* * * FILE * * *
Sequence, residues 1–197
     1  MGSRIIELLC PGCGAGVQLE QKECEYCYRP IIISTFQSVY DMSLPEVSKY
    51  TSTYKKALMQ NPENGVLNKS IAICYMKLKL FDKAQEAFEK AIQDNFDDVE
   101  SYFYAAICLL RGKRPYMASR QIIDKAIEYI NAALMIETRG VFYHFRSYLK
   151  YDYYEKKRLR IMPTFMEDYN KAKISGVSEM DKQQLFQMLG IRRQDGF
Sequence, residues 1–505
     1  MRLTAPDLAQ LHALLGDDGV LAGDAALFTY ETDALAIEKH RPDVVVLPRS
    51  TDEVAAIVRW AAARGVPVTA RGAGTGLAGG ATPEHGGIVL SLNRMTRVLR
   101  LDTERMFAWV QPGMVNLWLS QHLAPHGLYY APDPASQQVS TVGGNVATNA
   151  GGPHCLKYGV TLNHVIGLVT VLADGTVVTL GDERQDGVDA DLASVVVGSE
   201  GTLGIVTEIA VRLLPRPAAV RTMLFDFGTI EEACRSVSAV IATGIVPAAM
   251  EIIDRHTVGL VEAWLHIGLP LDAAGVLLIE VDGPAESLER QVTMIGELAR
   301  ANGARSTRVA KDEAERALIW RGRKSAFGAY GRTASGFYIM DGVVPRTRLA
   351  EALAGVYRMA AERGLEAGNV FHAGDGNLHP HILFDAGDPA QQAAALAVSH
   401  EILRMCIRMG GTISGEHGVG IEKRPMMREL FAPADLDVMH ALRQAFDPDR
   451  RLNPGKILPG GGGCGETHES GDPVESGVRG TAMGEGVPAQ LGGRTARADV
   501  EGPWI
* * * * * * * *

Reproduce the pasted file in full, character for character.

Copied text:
Sequence, residues 1–197
     1  MGSRIIELLC PGCGAGVQLE QKECEYCYRP IIISTFQSVY DMSLPEVSKY
    51  TSTYKKALMQ NPENGVLNKS IAICYMKLKL FDKAQEAFEK AIQDNFDDVE
   101  SYFYAAICLL RGKRPYMASR QIIDKAIEYI NAALMIETRG VFYHFRSYLK
   151  YDYYEKKRLR IMPTFMEDYN KAKISGVSEM DKQQLFQMLG IRRQDGF
Sequence, residues 1–505
     1  MRLTAPDLAQ LHALLGDDGV LAGDAALFTY ETDALAIEKH RPDVVVLPRS
    51  TDEVAAIVRW AAARGVPVTA RGAGTGLAGG ATPEHGGIVL SLNRMTRVLR
   101  LDTERMFAWV QPGMVNLWLS QHLAPHGLYY APDPASQQVS TVGGNVATNA
   151  GGPHCLKYGV TLNHVIGLVT VLADGTVVTL GDERQDGVDA DLASVVVGSE
   201  GTLGIVTEIA VRLLPRPAAV RTMLFDFGTI EEACRSVSAV IATGIVPAAM
   251  EIIDRHTVGL VEAWLHIGLP LDAAGVLLIE VDGPAESLER QVTMIGELAR
   301  ANGARSTRVA KDEAERALIW RGRKSAFGAY GRTASGFYIM DGVVPRTRLA
   351  EALAGVYRMA AERGLEAGNV FHAGDGNLHP HILFDAGDPA QQAAALAVSH
   401  EILRMCIRMG GTISGEHGVG IEKRPMMREL FAPADLDVMH ALRQAFDPDR
   451  RLNPGKILPG GGGCGETHES GDPVESGVRG TAMGEGVPAQ LGGRTARADV
   501  EGPWI